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Collision and Triggers

Rigidbodies collide with each other, a sound is played on a collision and a trigger volume resets the shapes.

This tutorial introduces the basics of rigid-body physics, collision detection and trigger volumes. Have a look at the tutorial project.

The Collision Component

The collision component defines a shape which can be used either to trigger events if another Entity enters or exits it -- we call this a Trigger Volume -- or it can be used together with the rigidbody component to give an Entity physical properties in your game -- like a bouncing ball or a heavy crate.

The most important property of a collision component is it's Type, this determines the shape of the volume that will be used. There are four options:

  • Box A simple box
  • Sphere A simple sphere
  • Capsule A pill-shaped capsule. Useful for characters, as it can be tall and thin, but has a nice rounded-base with a single contact point.
  • Mesh Use any arbitrary mesh shape for the volume. Note There are some limitations to the mesh collision, in particular, when using it with the rigidbody component, they must be Static.

Trigger Volumes

To create a Trigger Volume all we need to do is add a collision component to an Entity. In this tutorial we're adding a large box-shaped Trigger Volume underneath the slope to catch the falling bodies and reset their position.

Collisions & Triggers

You can see the trigger volume underneath the ramp displayed as a blue outline.

Rigid Bodies

A rigid body is a physical presence in your game world. You can set it up with real physics properties like Mass and Friction; it will collide with other rigid bodies and respond in a realistic manner.

To create a rigid body in your Scene, pick an Entity and add a rigidbody component and a collision component. By default you will create a static box. The rigidbody component has a multitude of options which you can use to tune the properties of your object.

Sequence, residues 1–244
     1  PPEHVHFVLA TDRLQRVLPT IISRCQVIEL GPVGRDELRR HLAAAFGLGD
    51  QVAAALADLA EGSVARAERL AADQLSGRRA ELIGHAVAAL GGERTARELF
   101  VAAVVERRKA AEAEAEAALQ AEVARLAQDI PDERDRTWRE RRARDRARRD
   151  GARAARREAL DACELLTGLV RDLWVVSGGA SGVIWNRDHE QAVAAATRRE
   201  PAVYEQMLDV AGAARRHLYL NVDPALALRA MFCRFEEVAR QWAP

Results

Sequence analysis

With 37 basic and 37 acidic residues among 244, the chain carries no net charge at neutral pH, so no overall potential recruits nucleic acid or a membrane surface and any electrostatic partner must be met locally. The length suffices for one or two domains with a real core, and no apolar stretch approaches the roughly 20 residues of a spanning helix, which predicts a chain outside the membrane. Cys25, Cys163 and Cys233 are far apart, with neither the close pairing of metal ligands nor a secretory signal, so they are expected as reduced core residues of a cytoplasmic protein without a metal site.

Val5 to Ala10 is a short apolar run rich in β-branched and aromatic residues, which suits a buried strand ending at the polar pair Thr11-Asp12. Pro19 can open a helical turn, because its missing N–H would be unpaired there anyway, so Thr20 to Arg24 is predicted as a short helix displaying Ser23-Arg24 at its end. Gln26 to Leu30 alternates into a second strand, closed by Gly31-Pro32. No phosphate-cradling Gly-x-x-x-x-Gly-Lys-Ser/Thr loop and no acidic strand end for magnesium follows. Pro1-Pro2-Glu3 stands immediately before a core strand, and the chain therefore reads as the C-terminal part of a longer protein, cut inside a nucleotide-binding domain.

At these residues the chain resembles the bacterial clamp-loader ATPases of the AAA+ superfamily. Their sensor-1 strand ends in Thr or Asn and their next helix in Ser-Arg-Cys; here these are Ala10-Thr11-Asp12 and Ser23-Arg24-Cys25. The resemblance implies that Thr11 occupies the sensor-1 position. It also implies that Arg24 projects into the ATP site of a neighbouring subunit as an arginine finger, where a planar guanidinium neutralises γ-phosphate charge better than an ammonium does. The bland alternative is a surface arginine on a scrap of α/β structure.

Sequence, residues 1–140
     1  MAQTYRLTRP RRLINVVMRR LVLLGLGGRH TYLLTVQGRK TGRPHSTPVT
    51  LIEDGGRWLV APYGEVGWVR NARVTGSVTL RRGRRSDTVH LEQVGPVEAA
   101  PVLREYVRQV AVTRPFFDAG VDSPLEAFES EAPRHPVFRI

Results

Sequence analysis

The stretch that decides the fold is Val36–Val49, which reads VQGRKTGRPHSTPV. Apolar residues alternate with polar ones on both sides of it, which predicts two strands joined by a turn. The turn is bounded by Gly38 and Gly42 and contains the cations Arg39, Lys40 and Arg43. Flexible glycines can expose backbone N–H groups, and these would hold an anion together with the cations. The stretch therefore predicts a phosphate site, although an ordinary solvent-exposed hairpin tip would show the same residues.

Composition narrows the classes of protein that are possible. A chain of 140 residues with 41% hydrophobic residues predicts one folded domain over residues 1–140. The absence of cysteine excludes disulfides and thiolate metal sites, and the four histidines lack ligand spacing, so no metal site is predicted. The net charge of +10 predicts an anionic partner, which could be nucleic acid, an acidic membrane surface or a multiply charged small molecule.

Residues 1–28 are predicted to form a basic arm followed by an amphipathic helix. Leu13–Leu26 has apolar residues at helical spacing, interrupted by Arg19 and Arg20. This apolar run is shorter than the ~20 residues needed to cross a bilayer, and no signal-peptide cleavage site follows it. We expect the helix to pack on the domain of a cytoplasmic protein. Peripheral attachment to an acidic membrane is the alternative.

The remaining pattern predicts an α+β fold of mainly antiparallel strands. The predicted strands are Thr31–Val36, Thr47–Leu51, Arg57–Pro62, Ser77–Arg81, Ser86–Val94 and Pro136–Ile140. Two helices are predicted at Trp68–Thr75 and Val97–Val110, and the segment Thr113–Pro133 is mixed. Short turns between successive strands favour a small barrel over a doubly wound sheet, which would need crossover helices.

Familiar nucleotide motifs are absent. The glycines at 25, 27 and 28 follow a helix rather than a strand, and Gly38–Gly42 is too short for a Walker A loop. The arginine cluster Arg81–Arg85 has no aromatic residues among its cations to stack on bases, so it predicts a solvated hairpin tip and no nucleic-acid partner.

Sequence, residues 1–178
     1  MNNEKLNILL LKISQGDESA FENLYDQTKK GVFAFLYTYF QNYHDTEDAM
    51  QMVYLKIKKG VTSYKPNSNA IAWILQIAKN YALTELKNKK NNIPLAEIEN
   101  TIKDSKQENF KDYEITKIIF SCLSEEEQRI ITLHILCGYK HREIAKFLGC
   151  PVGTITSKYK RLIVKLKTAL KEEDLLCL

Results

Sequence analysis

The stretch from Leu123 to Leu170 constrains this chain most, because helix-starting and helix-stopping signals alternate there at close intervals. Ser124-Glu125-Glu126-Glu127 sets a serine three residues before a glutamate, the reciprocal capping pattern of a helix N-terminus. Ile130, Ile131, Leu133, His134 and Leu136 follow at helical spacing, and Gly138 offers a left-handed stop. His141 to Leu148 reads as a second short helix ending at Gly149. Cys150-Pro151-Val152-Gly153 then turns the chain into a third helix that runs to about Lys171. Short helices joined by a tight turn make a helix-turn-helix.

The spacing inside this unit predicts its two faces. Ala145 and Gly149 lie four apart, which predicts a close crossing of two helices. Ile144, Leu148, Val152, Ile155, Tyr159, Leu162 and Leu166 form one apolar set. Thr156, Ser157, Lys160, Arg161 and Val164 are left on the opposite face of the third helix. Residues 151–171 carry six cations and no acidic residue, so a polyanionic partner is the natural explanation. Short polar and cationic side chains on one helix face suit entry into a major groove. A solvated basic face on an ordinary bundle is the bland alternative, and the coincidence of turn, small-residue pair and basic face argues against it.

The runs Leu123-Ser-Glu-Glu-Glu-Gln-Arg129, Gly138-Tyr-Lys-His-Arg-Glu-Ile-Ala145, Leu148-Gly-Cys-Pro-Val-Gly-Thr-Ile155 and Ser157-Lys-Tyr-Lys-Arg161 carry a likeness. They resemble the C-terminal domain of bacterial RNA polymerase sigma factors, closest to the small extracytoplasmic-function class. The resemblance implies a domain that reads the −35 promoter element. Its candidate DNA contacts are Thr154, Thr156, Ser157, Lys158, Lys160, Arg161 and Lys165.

rigidbody component

For details on each property take a look at the rigidbody documentation.

For this demo, the important property is the Type. You can pick one of three options:

  • Static this Entity will never move.
  • Dynamic this Entity will move under gravity and any other forces that you apply to it.
  • Kinematic this Entity will not respond to forces, but will move if you directly set it's position or velocity.

Setting up the ground

The first Entity we need in this tutorial is the green block that forms the ground.

You can see in the attribute panel, that it has render, collision and rigidbody components. We've increased the Entity and the collision box properties so that it is nice and large. And we've also slightly increased the friction and restitution properties. This means that the surface is slightly rougher and slightly bouncier than the defaults.

Setting up the trigger

The next Entity we'll need is the trigger.

Trigger Entity

With this Entity we have a collision component but no rigidbody so it acts as a trigger. The trigger Entity also has a script component with some code attached. Triggers are only useful if something happens when they are triggered, so we need to add some code to fire and listen for events when the trigger is activated.

var Trigger = pc.createScript('trigger');

// initialize code called once per entity
Trigger.prototype.initialize = function() {
this.entity.collision.on('triggerenter', this.onTriggerEnter, this);